Friday, October 21, 2011

What I've Learned From Reading Over All My Years by Gina Gilmore

Artist, teacher, reader, fly fisher...some of the labels I wear. And, of course, much, much more.







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What I’ve Learned From Reading Over All My Years
by
Gina Gilmore
 

When Kaye first asked me to write a blog for her, I was honored and slightly bewildered – what could I possibly have to say that was worthwhile – particularly when I looked at the list of other bloggers! Wow…I felt like a very small minnow in a very big pond! Still do…but I’ll try to share with you some of what I’ve learned from reading over all my years..:)


History – I’ve learned a lot of history over the years from reading historical mysteries – particularly medieval history. Starting with reading the Brother Cadfel mysteries, I’ve moved on to reading Roberta Gellis’ series, then Adrianna Franklin’s series. In between, I picked up and read many non-fiction books on the middle ages in England. Then ended up getting a cd series on the history of the middle ages. I just finished a biography of Eleanor of Aquatine. I’ve become quite fascinated with this amazing woman thanks to many of the historical novels and mysteries I’ve read featuring her.

While not a mystery, I read Connie Willis’ BLACKOUT and ALL CLEAR – as a result, I’ve become fascinated with the life of the English during the blitz and I’ve started looking for more non-fiction books about this subject.

I love it when authors include a bibliography at the end of their works – I usually try to find one or more of their sources to follow up.

Right now, I am reading a book about Issac Newton and learning more about physics and calculus than I had ever thought of learning. Being a math teacher, I’ve taught calculus and taken calculus, but this is a history of both physics and calculus that gives me a much deeper appreciation for both subjects. And the book is a mystery – NEWTON AND THE COUNTERFEITER by Thomas Levenson.

But even more important than the facts and knowledge I’ve gained from the curiosity that many of these books have stirred in me, I’ve learned so much from the connections with other people - both those who read and those who write.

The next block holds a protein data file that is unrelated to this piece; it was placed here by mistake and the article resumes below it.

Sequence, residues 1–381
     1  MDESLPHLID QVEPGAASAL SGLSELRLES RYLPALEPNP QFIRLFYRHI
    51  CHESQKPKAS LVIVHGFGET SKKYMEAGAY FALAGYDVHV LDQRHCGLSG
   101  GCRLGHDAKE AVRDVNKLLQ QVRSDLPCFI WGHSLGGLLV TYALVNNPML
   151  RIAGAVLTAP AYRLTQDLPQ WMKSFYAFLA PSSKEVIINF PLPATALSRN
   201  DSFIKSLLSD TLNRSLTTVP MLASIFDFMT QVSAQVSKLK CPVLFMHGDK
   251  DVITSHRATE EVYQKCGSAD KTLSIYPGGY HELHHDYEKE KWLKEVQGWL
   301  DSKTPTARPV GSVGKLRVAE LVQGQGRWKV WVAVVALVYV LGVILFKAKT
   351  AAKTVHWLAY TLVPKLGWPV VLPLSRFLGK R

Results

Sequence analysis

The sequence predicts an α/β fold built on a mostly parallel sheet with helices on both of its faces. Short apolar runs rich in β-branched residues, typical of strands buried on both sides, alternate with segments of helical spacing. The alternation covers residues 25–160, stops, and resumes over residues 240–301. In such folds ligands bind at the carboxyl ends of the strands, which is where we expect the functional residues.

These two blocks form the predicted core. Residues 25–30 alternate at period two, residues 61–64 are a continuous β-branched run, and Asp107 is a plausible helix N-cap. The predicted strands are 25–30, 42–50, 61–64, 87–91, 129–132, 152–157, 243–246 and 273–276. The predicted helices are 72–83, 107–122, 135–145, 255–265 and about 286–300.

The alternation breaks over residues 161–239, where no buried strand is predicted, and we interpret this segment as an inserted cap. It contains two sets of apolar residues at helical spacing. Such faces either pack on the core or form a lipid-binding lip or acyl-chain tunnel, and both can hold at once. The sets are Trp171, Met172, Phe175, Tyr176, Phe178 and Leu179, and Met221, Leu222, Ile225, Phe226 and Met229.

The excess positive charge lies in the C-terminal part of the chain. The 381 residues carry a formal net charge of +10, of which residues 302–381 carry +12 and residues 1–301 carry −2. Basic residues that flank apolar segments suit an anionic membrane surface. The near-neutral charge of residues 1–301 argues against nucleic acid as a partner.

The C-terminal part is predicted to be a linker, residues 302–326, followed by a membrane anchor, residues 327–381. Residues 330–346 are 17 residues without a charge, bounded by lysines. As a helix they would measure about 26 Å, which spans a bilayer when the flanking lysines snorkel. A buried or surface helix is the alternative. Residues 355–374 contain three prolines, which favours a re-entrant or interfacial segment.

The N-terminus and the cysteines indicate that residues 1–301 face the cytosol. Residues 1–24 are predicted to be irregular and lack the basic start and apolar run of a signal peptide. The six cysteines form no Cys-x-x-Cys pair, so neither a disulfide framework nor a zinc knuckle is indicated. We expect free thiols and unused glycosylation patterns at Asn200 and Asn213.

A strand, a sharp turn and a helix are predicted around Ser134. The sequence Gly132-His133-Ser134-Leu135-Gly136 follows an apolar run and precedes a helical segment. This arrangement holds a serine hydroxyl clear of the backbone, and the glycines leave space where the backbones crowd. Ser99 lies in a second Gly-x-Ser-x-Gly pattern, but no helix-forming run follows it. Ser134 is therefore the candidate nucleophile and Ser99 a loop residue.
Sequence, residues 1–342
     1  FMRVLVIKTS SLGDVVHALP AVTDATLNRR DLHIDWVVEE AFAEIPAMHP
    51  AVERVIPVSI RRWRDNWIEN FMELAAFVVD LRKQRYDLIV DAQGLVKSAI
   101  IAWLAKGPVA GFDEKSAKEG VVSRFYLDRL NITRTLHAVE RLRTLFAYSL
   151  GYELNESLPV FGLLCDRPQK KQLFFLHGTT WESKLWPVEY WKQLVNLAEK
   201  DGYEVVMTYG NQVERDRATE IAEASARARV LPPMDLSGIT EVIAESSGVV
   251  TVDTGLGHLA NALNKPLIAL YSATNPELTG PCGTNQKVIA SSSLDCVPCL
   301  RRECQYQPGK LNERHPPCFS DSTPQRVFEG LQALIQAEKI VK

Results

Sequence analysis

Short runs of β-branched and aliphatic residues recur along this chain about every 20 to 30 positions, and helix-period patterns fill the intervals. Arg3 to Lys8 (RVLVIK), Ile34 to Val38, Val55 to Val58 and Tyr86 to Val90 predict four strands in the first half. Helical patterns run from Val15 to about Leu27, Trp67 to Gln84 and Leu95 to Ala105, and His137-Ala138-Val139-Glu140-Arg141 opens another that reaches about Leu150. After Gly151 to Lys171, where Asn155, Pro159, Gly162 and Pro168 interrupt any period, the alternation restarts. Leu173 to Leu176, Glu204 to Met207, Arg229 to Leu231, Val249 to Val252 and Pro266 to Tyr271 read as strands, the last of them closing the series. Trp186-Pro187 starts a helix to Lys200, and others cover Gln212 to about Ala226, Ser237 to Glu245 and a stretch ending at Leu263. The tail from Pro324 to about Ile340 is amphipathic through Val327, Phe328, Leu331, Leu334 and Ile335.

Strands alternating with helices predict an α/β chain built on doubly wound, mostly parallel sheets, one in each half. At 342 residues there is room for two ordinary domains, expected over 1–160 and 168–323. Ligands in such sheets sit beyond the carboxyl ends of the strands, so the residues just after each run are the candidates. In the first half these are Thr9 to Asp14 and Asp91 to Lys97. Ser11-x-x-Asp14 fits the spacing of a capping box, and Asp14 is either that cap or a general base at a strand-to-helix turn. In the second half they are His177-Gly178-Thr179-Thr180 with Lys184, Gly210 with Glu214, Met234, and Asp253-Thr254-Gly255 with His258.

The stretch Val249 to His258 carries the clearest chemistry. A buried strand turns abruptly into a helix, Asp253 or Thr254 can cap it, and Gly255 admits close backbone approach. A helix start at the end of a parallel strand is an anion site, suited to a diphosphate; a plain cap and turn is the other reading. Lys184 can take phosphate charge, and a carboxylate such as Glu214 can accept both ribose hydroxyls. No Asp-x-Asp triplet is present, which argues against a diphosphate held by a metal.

DorothyL has opened a wonderful world where I’ve come to appreciate authors and readers so much – over the years, I’ve developed online friendships with many of these people. I’ve celebrated and cried with them..become facebook friends with them…read their blogs..

And I’ve been truly blown away by how generous the authors are. I’ve come to realize we really do have an interdependent relationship. I have been surprised to find notes from authors in my inbox thanking me for some comment I’ve posted on DorothyL or a review on Amazon. Wow..that they even thought my saying anything was important – that they took the time to say thank you!

But the most important thing I’ve learned over the years is as a teacher. I have taught history, math, art, and computer graphics over my long career. Most of my educational career has been in schools where the majority of the students are from the lower socio-economic bracket – those who qualify as high risk. Many see little hope in their future- they come from broken, dysfunctional families that most people can’t even imagine.

For the last five years, I’ve taught in my district’s discipline and alternative school. And what I’ve found is that while many of these kids are totally messed up in so many ways, and have experienced so much academic failure that they now refuse to even try, I can usually establish a bond with them through books.

We don’t have a library at our school..but we do have a book cart. And I’ve contributed the Hunger Game series, Harry Potter, Lightening Thief, and Michael Scott’s series - which combines mythology with historical characters. I also read the entire Twilight series so I could have conversations with my students who were into that series.